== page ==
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How using multimedia can explain reality in physical science outreach
Using multimedia to engage students in accelerator science is one of the methods that the Cockcroft Institute has used to make the subject exciting and accessible to young people. The outreach team will be discussing their experiences at Interact, an engagement symposium for the physical sciences on 14 September at the University of Birmingham.
Dr Ricardo Torres and Dr Chris Edmonds, of the Cockcroft Institute and University of Liverpool will discuss how hands-on activities were used to introduce accelerator science to Year 9 and 10 students. He explains: “Visualisation has become more important in science communication, especially when it is aimed at a younger generation brought up in an age of multi-media.
“We encouraged the students to become film-makers and record the workshops where they made accelerators from everyday objects such as a salad bowl, paper cups, a battery and copper wire. This developed their skills in observation, data recording and reporting while learning about accelerators.
“The feedback from students and their teachers was excellent, with interaction and learning occurring at different levels.”
While arguably the best known accelerator is the Large Hadron Collider, there are several thousand smaller machines in use: in academic institutes for research about the forces in the universe; in hospitals for imaging and cancer treatment; and in industry for the development of new materials, semiconductors, food treatments and other applications.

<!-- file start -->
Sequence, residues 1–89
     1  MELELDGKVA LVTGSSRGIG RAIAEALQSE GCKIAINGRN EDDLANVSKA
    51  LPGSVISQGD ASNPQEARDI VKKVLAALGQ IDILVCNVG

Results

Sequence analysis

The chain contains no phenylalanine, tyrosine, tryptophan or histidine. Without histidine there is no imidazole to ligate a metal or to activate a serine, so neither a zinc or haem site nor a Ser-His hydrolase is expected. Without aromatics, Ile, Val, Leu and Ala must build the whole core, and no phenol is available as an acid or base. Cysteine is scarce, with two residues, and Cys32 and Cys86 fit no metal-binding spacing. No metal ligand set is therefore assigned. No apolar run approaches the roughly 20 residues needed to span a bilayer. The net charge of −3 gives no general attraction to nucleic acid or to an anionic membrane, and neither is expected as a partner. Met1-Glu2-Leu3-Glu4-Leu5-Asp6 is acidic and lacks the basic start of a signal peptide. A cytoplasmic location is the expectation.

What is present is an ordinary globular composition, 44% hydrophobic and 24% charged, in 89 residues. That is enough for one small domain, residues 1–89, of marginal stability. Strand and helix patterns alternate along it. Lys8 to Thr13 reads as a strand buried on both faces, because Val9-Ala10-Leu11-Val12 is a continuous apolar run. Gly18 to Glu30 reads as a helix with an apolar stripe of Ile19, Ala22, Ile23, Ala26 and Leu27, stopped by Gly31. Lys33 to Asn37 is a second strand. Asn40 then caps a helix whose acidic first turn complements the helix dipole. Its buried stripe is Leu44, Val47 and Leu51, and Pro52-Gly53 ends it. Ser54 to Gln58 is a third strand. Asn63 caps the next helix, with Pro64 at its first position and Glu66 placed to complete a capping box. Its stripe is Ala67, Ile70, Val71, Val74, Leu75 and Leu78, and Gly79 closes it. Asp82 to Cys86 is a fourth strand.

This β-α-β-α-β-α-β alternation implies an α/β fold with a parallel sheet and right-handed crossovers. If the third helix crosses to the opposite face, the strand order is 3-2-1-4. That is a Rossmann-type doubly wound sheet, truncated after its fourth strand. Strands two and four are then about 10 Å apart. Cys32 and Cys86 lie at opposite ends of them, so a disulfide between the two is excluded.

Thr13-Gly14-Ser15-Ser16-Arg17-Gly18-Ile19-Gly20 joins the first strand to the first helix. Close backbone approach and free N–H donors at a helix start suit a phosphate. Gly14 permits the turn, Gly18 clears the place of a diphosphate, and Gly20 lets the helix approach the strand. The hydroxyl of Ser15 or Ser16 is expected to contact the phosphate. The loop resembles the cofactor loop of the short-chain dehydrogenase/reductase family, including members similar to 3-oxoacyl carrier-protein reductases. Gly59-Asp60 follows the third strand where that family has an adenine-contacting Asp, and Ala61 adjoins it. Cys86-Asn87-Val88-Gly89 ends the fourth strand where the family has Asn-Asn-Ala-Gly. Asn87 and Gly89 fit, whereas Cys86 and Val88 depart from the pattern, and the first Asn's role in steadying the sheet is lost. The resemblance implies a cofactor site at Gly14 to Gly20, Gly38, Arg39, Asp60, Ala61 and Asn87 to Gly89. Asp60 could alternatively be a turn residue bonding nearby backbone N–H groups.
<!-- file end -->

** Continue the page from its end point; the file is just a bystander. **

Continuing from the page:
In fact many of the devices used every day by Year 9 and 10 students have been made possible by accelerators – the development of silicon chips and the miniaturisation of electronics was essential for smartphones and tablets.
This ‘pocket technology’ has inspired Dr Chris Edmonds to create an app – acceleratAR – which enables anyone to create their own virtual accelerator with some paper cubes and a smartphone.
Engaging young people is vital as there is a shortage of accelerator scientists and engineers.
To address the skills gap and focus research in this area a novel approach has been taken to training fellows. Professor Carsten P. Welsch of the Cockcroft Institute and Head of Physics and the Quasar Group at the University of Liverpool has developed a number of pan-European training networks with industry and research partners. The fellowships have produced well-rounded individuals with excellent research and business credentials and the programmes have attracted equal numbers of men and women eager to push the boundaries in this emerging field of physics.
Professor Welsch says the outreach activities provide an opportunity for the fellows to share their experiences and enthusiasm with younger people.
Dr Torres will be explaining how both young people and the fellows benefit from outreach at the Interact symposium.
Interact is organised by the Science & Technology Facilities Council (STFC), Institute of Physics and South East Physics Network Outreach (SEPnet).
Other presenters at the symposium are from the Universities of Birmingham, Southampton and QMUL, schools such as Abingdon Science Partnership and outreach groups including the Science Room, NUSTEM and AimHigher.
The Accelerator group has made its resources available on YouTube:
Make your own particle accelerator with the acceleratAR app: www.acceleratar.uk
More information about Interact can be found at www.sepnet.ac.uk/2892-2/ – it is free to attend and open to all Physical Science researchers.